[Update: The deadline for submissions is extended to April 20, 2018.]
The 40th Anniversary Conference & AEJMC KACA Research Sessions
August 6-9, 2018, Washington, D.C.
Renewed Role of the Press in Building, Transforming, and Restoring Democracy: Korea and Beyond
The Korean American Communication Association (KACA) invites paper submissions for its 40th Anniversary
Conference on August 9, 2018 and for KACA Research Sessions during the annual meeting of Association for
Education in Journalism and Mass Communication (AEJMC), August 6 – 9, 2018. Both KACA’s 40th
anniversary conference and KACA research sessions will be at Renaissance Washington DC.
For the 40th anniversary conference, papers that address the conference theme are particularly welcome,
but submissions in any areas of communication research on Korea-related topics are encouraged as well. For
AEJMC’s KACA sessions, any communications research on Korea-related topics is welcome.
The theme of the 40th Anniversary Conference, “Renewed Role of the Press in Building, Transforming, and
Restoring Democracy: Korea and Beyond” aims to facilitate our scholarly discussions on renewed role of the
press in changing media and political environments in Korea and elsewhere. Though compromised from
time to time, freedom of the press has become an essential part of Korean politics. Nonetheless, the
contribution of the press to Korean democracy continues to be the subject of intense debate among
scholars, political elites, and average citizens. Particularly, the recent turmoil in Korean politics presents
need to reassess the role of the press not only in building but in transforming and restoring democracy. Also,
the wide availability of digital platforms for social networking has fundamentally changed the way citizens
become politically engaged, redefining the notion of democratic citizenship. Any potential mismatch
between new democratic citizenship and current journalism further justifies need to investigate renewed
role of the press in Korea and in other democracies.
As the media have power to influence national political discourse, the notion of free and open media is
essential to a healthy democracy. KACA seeks to bring together regional and international media scholars to
discuss issues relating to media and democracy and to propose solutions to problems (if any) identified in
Korea and in Asian and other countries. Our emphasis on democracy is intended to link up with various
communication theories and research approaches that take on the interplay of democracy and media as
presented through any forms of data or perspectives. Any topics linking the media to democracy are
welcome, including but not limited to:
- Whether/how free media serve or harm democracy once they have been established.
- How to conceptualize and operationalize media’s contribution to democracy. What are potential
- How traditional and/or emerging media have (re)shaped democratic citizenship, particularly the way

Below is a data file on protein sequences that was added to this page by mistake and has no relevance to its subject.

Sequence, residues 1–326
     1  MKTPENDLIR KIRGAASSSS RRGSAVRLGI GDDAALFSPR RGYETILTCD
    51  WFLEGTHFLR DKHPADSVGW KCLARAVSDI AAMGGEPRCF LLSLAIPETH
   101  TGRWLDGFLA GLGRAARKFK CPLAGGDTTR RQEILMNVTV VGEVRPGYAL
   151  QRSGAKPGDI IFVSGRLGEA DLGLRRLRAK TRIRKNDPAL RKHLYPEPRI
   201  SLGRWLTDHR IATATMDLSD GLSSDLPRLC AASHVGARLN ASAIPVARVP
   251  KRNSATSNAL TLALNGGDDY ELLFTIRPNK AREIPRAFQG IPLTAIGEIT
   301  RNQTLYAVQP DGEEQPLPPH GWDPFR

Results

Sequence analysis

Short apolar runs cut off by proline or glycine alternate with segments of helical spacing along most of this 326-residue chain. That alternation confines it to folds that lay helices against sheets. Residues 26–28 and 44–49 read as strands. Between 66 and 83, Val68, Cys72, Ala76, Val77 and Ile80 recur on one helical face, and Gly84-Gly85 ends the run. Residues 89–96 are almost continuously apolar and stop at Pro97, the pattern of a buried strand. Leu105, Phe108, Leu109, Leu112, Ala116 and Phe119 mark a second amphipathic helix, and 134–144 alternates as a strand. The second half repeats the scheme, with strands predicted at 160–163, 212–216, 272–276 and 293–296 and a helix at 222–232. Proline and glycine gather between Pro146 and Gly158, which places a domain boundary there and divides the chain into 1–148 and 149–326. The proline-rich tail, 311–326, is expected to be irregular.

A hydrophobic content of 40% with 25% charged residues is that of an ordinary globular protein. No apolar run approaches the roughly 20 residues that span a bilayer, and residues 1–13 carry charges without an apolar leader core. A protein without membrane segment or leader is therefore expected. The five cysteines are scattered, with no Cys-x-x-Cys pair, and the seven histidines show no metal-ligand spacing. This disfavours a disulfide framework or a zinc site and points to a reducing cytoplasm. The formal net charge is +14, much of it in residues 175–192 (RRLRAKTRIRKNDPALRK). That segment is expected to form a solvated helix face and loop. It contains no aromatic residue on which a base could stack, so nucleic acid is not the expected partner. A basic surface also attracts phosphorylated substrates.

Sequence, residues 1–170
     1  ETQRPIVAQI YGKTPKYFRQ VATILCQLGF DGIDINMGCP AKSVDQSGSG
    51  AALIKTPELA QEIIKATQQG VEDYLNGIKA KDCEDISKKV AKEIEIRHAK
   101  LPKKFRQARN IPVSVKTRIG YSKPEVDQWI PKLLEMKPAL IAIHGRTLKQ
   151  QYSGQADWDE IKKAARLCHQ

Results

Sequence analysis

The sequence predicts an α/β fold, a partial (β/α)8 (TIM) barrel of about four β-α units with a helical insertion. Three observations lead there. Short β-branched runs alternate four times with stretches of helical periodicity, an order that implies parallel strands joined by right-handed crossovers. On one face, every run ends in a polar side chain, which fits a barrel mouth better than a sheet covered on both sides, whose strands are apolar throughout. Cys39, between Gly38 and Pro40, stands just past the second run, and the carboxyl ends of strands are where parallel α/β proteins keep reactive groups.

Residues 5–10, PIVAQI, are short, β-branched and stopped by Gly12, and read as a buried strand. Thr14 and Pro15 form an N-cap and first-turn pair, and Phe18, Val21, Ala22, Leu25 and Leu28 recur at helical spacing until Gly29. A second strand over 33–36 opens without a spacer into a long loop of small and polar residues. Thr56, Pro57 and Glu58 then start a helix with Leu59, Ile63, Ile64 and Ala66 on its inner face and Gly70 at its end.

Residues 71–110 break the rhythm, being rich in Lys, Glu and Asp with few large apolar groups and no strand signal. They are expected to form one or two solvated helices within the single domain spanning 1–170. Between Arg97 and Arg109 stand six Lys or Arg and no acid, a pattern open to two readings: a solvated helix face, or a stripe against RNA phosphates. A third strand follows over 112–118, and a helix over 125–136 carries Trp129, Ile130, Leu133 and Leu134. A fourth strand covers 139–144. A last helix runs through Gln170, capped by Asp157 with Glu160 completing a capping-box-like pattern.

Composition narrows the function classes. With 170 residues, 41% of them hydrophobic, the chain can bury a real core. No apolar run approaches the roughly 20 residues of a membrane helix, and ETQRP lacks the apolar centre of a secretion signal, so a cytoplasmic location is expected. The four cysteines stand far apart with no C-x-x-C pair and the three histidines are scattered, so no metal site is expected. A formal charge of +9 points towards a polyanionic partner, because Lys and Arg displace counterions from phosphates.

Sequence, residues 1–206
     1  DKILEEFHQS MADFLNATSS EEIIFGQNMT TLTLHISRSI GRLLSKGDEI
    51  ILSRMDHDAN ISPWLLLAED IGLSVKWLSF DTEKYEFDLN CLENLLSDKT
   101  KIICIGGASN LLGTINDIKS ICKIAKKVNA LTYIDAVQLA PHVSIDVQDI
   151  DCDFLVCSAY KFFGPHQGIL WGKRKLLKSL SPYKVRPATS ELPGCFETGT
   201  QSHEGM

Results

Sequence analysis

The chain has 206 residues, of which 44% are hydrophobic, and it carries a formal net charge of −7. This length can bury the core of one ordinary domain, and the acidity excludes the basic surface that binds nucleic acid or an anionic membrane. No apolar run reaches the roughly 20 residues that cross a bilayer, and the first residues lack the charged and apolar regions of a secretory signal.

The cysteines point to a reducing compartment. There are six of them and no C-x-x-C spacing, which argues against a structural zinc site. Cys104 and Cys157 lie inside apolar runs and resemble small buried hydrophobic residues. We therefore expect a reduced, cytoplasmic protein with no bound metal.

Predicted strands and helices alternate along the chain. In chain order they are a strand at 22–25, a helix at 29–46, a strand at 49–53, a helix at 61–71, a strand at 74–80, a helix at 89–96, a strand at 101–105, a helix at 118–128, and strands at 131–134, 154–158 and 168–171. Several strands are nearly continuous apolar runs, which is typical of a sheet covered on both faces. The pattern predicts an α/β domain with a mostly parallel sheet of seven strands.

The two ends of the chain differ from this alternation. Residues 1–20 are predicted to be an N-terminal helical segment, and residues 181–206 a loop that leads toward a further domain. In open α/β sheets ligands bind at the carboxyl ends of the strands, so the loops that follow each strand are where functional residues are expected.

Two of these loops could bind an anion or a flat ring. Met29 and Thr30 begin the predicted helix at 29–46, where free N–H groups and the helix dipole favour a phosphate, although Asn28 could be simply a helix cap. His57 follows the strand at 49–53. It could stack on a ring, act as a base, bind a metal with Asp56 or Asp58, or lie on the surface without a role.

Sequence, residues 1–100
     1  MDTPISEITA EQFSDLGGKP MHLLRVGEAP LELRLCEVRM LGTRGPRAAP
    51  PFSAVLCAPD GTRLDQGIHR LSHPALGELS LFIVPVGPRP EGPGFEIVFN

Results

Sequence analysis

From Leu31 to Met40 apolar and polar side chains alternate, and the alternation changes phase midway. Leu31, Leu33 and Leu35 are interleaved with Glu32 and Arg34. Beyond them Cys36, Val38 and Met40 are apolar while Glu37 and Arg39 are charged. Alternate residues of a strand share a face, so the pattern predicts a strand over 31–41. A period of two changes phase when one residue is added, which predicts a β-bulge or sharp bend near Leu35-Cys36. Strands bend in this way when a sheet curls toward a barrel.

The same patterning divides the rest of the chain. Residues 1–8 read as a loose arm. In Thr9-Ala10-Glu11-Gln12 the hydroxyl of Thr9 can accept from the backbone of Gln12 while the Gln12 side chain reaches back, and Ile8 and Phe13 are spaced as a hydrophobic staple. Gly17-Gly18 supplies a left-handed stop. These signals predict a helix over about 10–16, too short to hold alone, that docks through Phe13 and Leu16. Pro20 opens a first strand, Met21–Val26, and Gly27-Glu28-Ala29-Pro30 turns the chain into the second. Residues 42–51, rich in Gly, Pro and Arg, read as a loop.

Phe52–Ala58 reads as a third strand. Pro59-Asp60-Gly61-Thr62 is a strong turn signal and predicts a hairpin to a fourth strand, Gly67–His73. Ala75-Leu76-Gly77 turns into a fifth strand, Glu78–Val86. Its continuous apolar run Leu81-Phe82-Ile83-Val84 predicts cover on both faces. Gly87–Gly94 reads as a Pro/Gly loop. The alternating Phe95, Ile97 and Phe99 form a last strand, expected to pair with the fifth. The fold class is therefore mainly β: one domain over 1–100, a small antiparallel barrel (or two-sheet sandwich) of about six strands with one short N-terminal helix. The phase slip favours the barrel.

citizens obtain and share information and the way they participate in democratic decision making.
- How to (re)conceptualize freedom, democracy, and justice in the 21st century media and political
- How to (re)conceptualize the watchdog, guard dog, and lapdog role of the press in the 21st century
media and political environment.
- How new technology affects the principles of democratic journalism and the notion of freedom of the
- How market principles and competitions affect journalistic practices.
- The relationship between the media and the government and its potential consequences.
- How new democratic citizenship and changing media environment affect political campaigns and
- The relationship between the media, political activism, and social movement.
- How to preserve freedom of expression and the public sphere in the new media environment.
- Private and public ownership of media organizations and implications for democracy.
- Unintended outcomes of new technologies (e.g., digital divide, fake news, data journalism, Virtual
Reality, Artificial Reality, Mixed Reality) and implications for democracy.
- How social and mobile media have changed political communication and how traditional media can
complement or compete with the newer forms of technology.
- The role of alternative and independent media outlets as they relate to democratic processes.
- Histories of media reform movements
- Media policies and regulations designed to arrange for democratic communication.
1. Deadline: All submissions must be made no later than Friday, April 20, 11:59 pm, EST, 2018 (updated).
2. Categories of Submissions: Two categories of submissions will be accepted: full papers (20 pages plus
tables, figures, and references) or extended abstracts (4-5 pages plus references, tables, and figures),
though full papers are preferred. Extended abstracts should contain literature review, research
questions/hypothesis, method section, and findings. Abstracts only with literature review or research
questions/hypotheses will not be considered.
3. Author Identification: Names and other information that may identify the author(s) should not appear
anywhere in the paper other than on the cover page.
4. Cover page: The cover page should include the following information: Title, names of the authors,
affiliations, mailing addresses, email addresses, and phone numbers.
5. Submission Method: All submissions should be in either MS Word or PDF format and sent by email to
Seok Kang (firstname.lastname@example.org).
6. Selected papers will be assigned to either the 40th Anniversary Session (August 9) or the KACA-AEJMC
Session (date TBD) for presentation. Papers that received the best reviews will be recognized in the
sessions (for both the Anniversary Conference and AEJMC KACA Research Sessions).
Additional information about the KACA and the conference can be found at KACA website: